By Jess Baria
Read time: 4 minutes
On March 17, 2021, my doctor called with the results of my annual blood test. There were microscopic traces of blood in my urine, he said. “We must rule out bladder cancer. You have a cystoscopy scheduled in 40 days.”
I’m no stranger to chronic health conditions. Even so, the news was disturbing. At 21, I was diagnosed with keratoconus, a degenerative disease of the corneas that mostly affects younger people. In my early 30s, they said I had mild hearing loss. The same year, they found my kidney function to be below normal. (Kidney disease and hearing loss can go hand in hand. Go figure.)
A whirlwind of fear and despair
The next morning, I couldn’t keep dark thoughts at bay. Cancer was the last thing my family and I needed. I am relatively young. Having moved to Canada in 2017, I had my hands full with my uphill battle finding a job. I felt I had miles to go before I could enjoy a decent standard of living and become a productive citizen.
I broke down. What burdens would I bring to my partner? What would I tell my mother? How do I keep sane for the next 40 days?
From my experience with keratoconus, I knew reading random stuff on the net wouldn’t help. But reaching out to people in a similar situation would.
When I googled “bladder cancer support in Canada,” the top result was Bladder Cancer Canada (BCC). And they had a support forum, too! In the next 15 minutes, I signed up and floated a post there. I stated the facts, expressed my fears. And then the support came.
From worry to laughter
Each reply from members on the forum served to roll back the tide of anxiety. All were battling bladder cancer – many for years – so their words had power.
One poster reminded me there were many conditions that could cause hematuria. So why assume the worst?
“Avoid the internet and keep busy!” was another piece of sage advice.
One mighty post ordered the worry demon back into the abyss. Using statistics, the member reasoned why there was a 99% chance that my hematuria wasn’t due to cancer.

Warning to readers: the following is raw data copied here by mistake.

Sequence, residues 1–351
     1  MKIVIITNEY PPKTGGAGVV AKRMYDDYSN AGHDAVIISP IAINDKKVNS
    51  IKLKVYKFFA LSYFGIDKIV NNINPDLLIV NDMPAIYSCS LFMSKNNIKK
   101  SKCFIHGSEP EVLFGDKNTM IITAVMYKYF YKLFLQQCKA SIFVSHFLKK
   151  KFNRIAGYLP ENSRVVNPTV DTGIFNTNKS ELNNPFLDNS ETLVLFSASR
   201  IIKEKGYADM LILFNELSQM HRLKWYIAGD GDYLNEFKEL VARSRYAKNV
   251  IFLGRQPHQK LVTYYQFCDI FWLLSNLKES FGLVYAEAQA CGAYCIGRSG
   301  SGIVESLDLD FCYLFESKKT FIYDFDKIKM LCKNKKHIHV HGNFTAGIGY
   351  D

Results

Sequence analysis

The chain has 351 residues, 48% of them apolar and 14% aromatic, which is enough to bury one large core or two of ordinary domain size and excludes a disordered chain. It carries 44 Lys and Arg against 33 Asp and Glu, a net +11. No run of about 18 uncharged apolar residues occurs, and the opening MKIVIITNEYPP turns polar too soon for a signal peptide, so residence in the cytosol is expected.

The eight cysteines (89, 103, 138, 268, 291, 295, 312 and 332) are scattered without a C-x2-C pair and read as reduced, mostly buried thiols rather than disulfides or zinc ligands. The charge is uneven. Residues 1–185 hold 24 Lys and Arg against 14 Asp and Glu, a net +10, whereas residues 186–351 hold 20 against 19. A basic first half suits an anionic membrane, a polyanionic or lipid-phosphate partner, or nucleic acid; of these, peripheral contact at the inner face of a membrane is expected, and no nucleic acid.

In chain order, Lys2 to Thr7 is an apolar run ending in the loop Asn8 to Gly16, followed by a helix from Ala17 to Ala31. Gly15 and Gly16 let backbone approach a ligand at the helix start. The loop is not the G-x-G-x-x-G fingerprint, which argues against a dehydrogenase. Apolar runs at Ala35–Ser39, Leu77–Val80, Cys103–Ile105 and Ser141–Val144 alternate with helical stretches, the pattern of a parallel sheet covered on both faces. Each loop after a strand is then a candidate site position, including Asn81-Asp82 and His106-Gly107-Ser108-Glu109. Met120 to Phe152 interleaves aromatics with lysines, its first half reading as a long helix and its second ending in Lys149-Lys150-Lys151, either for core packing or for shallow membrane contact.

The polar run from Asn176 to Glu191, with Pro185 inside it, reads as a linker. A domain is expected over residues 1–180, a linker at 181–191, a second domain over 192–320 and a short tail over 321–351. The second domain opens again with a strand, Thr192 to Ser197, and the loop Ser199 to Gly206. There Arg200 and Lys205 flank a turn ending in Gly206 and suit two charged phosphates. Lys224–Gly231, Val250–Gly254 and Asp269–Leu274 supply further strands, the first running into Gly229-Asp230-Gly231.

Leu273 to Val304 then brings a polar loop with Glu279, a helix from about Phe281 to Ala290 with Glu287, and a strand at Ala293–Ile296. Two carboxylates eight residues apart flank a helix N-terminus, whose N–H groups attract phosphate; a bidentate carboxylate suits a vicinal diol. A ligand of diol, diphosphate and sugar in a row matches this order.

I even attended a BCC peer-support meeting on Zoom. I was a new face there among the eight, and I got a ton of encouragement.
On that call, as in the posts, I appreciated their ability to inject positivity and humour into all they said. How was it that they were able to remain upbeat and helpful? The thought gave me respect for them and courage for myself.
Day 40: The Cystoscopy
Through much of my 40-day wait, I remained calm and productive. I was even able to radiate some of that optimism on the morning of my cystoscopy.
With me was a patient, perhaps in her late 50s. “I have a terrible feeling it’s going to be cancer!” she told me. I said there are many other reasons for hematuria, passing along to her the same advice I had received from my new friends at BCC. “There’s a great chance you’ll be walking out with good news today!” It felt great helping her in this way.
I wish I could tell you how that lady fared, but I did not see her afterwards. My own test showed I had no abnormalities in the bladder.
Immediately, I texted my anxious family members and friends. Once I reached home, I posted the good news on the BCC forum.
Paying it forward
Long before my test, I had decided I’d give back to BCC no matter my diagnosis. Following my cystoscopy, I got in touch with the BCC office and offered to volunteer in my own little way.
I know I’ve been lucky this time around. I’m aware there are other health challenges down the road. My kidney function is comparable to a 70-year-old’s. I don’t know what my upcoming meeting with the nephrologist will reveal.
What I do know is that we, as Canadians, are blessed to have a healthcare system that’s among the world’s best. And for guidance and support, we have organizations like BCC where we can find compassionate people who are living examples of hope and courage. Their stories are critical to our own mental health and that of our caregivers.
Thanks, BCC, and all you brave, wonderful people! You’re awesome!
Jess Baria immigrated from Dubai to Toronto in 2017 to follow his childhood dream of living in Canada. He’s a communications professional who loves writing for websites and businesses. He’s a nature lover and painting landscapes is his favourite hobby.
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Disclaimer: The Bladder Cancer Canada blog is not a substitute for professional medical advice or treatment. The content on this blog shares the personal views of the writer and is for information only. Always consult your physician and do not rely on the information on this page when making decisions about your health.